*Both Fellay and the pope are focused on importance of “restoring full communion with the Church” and a “continued dialogue” to that end.

    Was there just a misunderstanding in the press (ok, I’m laughing at myself even as I write these words!)? Did the pope really agree with the corrections Fellay submitted, only to allow Levada turn around and reject them? That would seem not only misleading, but cruel.

    As for not allowing Williamsom to participate in chapter all I can say is BRAVO! BRILLIANT!!!

    The decision to postpone the ordinations was, I think, not only one of prudence on his part as a superior and prelate, but I think it may also speak volumes in Rome.

    And lastly the union of minds (Fellay and Benedict XVI), in earnest, towards the same goal is sincere. And I again think Fellay’s actions with regard Williamson as well as in postponing the ordinations are (though perhaps small) actions to back up his words …and will not go unnoticed in Rome.

  28. WurdeSmythe says:

    @Centristian:
    > How would you go about identifying a card-carrying member of the SSPX “faithful”?

    If folks show up at an SSPX chapel, they are presumed to be Catholic faithful until they do or say something to publicly indicate otherwise — a notorious sinner, a public figure, and individuals of the sort are examples; the Church has historically acted in that way. People today bounce back and forth between SSPX and diocesan chapels; some are exploring and researching, some motivated by convenience, but it already happens.

    > How many times in a row would a Roman Catholic have to attend Mass at an SSPX chapel in order to fall under the jurisdiction of an SSPX bishop instead of his own?

    Yours are valid questions. As matters stand today, all Catholics fall under the jurisdiction of their local ordinary — that is why all SSPX priests name the local bishop in every Mass. If a personal prelature is granted to the SSPX, it would probably be not unlike a military prelature (though we won’t know that for sure until the exact wording comes out). In that case, then we could talk about the faithful in the pews being subject to the Superior General of the SSPX – but not before.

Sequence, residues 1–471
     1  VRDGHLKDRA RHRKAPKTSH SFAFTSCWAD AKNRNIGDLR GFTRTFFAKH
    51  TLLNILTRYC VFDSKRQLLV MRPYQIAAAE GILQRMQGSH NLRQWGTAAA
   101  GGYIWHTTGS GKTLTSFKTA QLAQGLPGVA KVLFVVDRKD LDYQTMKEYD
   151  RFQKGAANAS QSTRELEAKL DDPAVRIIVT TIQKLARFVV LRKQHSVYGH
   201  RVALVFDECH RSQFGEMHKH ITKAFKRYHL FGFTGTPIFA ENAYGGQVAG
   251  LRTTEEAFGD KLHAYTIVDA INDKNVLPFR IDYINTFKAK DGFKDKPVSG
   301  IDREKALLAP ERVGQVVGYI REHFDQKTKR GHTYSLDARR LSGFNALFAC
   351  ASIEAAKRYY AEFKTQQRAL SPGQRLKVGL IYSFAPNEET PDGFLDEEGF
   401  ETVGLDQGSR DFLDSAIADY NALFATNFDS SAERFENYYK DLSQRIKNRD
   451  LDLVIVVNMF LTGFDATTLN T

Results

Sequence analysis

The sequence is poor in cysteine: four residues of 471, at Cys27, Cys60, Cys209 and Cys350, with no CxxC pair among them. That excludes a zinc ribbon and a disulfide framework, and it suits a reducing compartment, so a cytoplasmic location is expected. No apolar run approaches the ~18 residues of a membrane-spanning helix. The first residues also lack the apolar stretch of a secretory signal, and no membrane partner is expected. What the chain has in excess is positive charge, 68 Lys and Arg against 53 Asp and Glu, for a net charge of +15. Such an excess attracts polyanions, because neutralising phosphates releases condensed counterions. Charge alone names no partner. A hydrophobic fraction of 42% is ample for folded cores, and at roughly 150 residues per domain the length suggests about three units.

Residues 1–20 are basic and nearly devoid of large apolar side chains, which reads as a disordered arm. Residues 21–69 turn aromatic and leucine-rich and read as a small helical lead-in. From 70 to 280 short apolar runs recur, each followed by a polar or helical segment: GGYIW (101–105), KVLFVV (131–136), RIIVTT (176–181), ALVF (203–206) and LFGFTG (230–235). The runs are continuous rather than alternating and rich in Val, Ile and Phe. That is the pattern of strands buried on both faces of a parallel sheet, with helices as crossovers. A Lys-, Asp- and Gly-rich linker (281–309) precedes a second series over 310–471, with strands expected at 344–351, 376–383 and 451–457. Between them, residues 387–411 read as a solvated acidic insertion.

=======

    @FrJLP:
    > “Freemasons and Modernists…ohhh my…” Such a convenient catch-all to avoid the complex nuances of the situation at hand.

    So is your point that Freemasonry and Modernism play no role in the current crisis of the Church? How interesting. Both phenomena have been condemned by previous Popes as grave threats to the Church – and that was back in the days when the bulk of the Church was still in its right mind and such threats were more remote. But now you indicate such thinking is beyond the pale? That’s revealing. Though I will concede that Freemasons and Modernists do like to cloak their activities behind a web of ambiguities and nuances. Are there other considerations? Of course: fallen human nature, ignorance, laziness, and bad habits go a long way for explaining the Church’s present predicament.

    =======

    @NoraLee9:
    > Is it possible that both sides are using this as a ruse to slow the process down so they can get their respective houses in order?

    I think the people in charge are aware of those considerations, but I haven’t seen any indication that such are their motivations.

    =======

    @Andrew_81:
    > Those ill-willed bureaucrats in the Curia who are trying everything to stop a Canonical solution, also get to be dragged out into the light of the sun and exposed for their manipulation.

    It sounds nice in theory, but there will be no consequences for them. They’ve been opposing and lying to the Pope for decades; they’re fairly accomplished at it, and don’t fear anything from that quarter.

  29. Amandil says:

    Something important to keep in mind:

    “Consequently, just as in the exercise of their episcopal authority the bishops ought to be united with the apostolic see so should the members of the clergy and the laity live in close union with their bishops. Among the prelates, indeed, one or other there may be affording scope to criticism either in regard to personal conduct or in reference to opinions by him entertained about points of doctrine; but no private person may arrogate to himself the office of judge which Christ our Lord has bestowed on that one alone whom He placed in charge of His lambs and of His sheep. Let every one bear in mind that most wise teaching of Gregory the Great: ‘Subjects should be admonished not rashly to judge their prelates, even if they chance to see them acting in a blameworthy manner, lest, justly reproving what is wrong, they be led by pride into greater wrong. They are to be warned against the danger of setting themselves up in audacious opposition to the superiors whose shortcomings they may notice. Should, therefore, the superiors really have committed grievous sins, their inferiors, penetrated with the fear of God, ought not to refuse them respectful submission. The actions of superiors should not be smitten by the sword of the word, even when they are rightly judged to have deserved censure.’” – Sapientiae Christianae, Leo XIII

  30. Centristian says:

    WurdeSmythe: